Reviews for Aesop's Fables

Kirkus Reviews 2013 November #1
Is there any way to make a collection of Aesop's fables feel fresh? Yes—turn it into a calendar. The 90-degree rotation of the opening combines with the horizontal layout of the 12 fables to make the book look like a calendar; though there are no dates or monthly labels, the palette and mood of the fables modulate seasonally as they progress. The unusual format (akin to Tops and Bottoms by Janet Stevens, 1995) is a creative way to present these moralistic tales. The white-bordered paintings are placed on the top page; the story faces it on the bottom page, which is dotted with spot art that adds surrealistic accents. For example, in "The Cockerel and the Jewel," a hungry rooster wears a bib and holds a fork as it eyes a large pearl ring. The spot art below shows three white plates holding jewelry, a fork twining a necklace spaghettilike around its tines next to one of them. The last line is: "I'd much rather have found a grain of corn to eat than all the jewels in the world," and indeed, that necklace does not look very tasty. The cover depicts two jackdaws in front of a mirror, each in the process of transforming itself à la the two fables about the bird. From the familiar "The Lion and the Mouse" and "The Hare and the Tortoise" to the lesser-known "The Ox and the Frog" and "The Stag at the Pool," this sophisticated collection will take readers beyond single-volume treatments. An assortment of fables fabulously illustrated and strikingly presented. (Picture book/fables. 3-7) Copyright Kirkus 2013 Kirkus/BPI Communications.All rights reserved.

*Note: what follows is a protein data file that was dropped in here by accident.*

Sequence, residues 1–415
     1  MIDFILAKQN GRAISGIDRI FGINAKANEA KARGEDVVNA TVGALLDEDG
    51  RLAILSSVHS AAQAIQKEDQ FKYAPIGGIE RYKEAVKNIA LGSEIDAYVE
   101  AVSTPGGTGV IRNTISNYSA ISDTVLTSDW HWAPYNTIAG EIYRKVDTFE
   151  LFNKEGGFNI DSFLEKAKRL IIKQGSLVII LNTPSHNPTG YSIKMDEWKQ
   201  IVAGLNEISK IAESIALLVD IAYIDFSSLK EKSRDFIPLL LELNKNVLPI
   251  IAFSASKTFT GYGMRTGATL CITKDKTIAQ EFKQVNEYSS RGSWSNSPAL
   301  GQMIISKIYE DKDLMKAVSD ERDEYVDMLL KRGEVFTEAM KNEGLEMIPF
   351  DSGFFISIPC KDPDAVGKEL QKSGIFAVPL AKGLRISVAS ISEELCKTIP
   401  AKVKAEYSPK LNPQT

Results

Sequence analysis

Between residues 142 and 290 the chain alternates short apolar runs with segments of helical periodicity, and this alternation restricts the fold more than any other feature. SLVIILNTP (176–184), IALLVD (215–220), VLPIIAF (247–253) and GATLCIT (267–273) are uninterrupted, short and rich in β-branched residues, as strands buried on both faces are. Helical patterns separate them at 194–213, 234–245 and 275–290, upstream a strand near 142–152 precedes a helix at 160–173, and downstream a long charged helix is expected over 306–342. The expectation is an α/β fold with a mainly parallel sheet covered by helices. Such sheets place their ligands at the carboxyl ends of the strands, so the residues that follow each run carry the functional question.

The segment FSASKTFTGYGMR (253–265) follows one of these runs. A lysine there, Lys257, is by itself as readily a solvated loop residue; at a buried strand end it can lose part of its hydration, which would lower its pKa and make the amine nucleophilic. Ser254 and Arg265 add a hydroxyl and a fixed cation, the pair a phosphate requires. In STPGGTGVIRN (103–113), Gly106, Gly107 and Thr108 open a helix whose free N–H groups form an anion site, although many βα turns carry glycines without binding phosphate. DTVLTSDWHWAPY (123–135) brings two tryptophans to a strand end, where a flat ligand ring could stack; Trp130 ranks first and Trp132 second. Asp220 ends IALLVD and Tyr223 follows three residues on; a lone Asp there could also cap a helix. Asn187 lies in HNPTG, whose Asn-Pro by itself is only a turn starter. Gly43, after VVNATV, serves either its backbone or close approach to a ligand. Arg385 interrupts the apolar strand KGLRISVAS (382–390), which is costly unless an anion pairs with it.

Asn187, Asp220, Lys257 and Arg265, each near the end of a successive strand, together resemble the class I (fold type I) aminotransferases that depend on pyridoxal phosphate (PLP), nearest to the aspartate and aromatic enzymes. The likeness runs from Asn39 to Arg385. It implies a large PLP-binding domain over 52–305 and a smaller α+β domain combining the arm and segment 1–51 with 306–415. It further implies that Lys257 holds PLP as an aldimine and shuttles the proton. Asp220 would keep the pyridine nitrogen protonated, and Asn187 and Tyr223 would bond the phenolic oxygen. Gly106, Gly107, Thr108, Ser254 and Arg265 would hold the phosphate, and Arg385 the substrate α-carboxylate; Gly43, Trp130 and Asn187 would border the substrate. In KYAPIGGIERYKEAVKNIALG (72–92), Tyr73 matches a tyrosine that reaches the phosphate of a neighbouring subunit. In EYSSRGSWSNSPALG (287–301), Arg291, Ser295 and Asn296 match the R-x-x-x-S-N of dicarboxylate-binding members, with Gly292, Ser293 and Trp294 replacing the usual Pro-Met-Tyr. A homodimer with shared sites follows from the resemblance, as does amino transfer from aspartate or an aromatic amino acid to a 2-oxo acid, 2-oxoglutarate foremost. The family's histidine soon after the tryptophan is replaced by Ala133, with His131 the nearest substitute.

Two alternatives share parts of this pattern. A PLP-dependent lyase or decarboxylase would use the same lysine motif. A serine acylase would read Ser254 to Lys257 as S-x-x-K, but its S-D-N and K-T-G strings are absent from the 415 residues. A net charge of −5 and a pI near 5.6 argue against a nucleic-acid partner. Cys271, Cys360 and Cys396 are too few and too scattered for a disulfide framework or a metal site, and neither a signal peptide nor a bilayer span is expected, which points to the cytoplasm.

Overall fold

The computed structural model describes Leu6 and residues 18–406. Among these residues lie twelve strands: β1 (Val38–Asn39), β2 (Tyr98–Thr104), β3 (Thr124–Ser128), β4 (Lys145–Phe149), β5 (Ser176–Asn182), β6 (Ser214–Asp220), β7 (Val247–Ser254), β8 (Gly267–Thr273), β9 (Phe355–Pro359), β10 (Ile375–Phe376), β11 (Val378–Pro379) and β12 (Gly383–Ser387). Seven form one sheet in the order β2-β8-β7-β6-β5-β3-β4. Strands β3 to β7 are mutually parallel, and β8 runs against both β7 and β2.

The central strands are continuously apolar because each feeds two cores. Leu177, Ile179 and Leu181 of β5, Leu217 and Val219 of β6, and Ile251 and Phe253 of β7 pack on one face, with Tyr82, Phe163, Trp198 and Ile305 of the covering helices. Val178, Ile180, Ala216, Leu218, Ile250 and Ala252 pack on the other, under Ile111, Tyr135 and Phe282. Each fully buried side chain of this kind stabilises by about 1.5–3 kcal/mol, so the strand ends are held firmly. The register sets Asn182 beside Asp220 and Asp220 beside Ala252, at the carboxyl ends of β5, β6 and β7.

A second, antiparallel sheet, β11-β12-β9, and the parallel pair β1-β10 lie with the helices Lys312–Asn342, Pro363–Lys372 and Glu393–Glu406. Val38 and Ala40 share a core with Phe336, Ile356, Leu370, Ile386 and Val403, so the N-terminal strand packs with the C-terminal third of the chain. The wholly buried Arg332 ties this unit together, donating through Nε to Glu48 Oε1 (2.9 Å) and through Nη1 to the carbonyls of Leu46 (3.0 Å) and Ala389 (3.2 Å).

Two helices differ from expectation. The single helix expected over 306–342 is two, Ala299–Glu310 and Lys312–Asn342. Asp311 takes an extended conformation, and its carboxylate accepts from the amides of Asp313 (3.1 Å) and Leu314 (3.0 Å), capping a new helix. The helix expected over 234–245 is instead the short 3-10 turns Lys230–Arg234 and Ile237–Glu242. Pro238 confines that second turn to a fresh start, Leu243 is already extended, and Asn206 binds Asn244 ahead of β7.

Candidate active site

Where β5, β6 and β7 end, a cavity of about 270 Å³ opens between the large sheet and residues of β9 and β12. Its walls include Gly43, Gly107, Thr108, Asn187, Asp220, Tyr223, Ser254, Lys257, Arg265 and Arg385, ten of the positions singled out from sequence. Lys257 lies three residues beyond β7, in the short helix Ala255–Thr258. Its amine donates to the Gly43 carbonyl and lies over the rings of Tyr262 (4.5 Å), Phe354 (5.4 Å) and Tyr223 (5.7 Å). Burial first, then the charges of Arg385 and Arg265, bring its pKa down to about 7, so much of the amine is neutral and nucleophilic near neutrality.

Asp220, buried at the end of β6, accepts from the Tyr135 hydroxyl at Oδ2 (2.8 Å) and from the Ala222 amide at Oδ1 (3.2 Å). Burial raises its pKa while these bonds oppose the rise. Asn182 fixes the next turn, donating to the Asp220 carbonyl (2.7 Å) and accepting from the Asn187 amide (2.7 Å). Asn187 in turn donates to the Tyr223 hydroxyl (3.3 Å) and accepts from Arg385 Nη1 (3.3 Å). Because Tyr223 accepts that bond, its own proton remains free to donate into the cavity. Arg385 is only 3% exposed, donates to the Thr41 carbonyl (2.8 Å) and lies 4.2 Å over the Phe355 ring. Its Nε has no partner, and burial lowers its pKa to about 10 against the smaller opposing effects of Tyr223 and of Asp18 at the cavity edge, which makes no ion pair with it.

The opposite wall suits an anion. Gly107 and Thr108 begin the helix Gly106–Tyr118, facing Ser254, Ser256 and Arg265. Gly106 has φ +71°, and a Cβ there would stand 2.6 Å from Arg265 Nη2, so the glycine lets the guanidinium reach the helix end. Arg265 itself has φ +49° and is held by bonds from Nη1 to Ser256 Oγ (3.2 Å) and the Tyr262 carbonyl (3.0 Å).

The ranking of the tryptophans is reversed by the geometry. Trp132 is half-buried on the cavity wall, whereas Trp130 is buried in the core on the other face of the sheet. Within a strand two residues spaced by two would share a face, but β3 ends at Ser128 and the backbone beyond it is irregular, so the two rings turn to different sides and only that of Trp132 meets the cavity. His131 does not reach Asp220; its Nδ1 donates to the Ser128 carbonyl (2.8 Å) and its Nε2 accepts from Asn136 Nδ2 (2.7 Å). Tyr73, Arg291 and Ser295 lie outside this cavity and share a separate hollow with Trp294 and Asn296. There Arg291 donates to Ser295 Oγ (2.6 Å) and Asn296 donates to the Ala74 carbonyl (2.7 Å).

School Library Journal Reviews 2014 January

K-Gr 3--The wall-calendar-type layout successfully showcases the illustrations of this offbeat adaptation of Aesop's fables. Each spread's featured image is rendered in the surreal style, combined with realistic and playful depictions of animal protagonists. The simple, straightforward text is enhanced by small figures that echo the introductory scene. The pictures are humorous, but sometimes at odds with the story. For example, the country and town mice dine on oats and barleycorns and then on "the remains of a feast-cakes, jellies and wonderful-smellingcheeses," but their sparse table only displays a soup bowl. The tales fold the morals into the concluding sentence, as in the story "The Dog and His Shadow": "So he snapped at the shadow in the water but as he opened his mouth his piece of meat fell out and dropped in the water and he saw it no more." Some of these endings fall a bit flat, but the prose will work for reading aloud, and the absurd, funny pictures add dimension to the short narratives that will appeal to some readers. An additional purchase for collections with varied editions of Aesop's tales.--Margaret Bush, Simmons College, Boston

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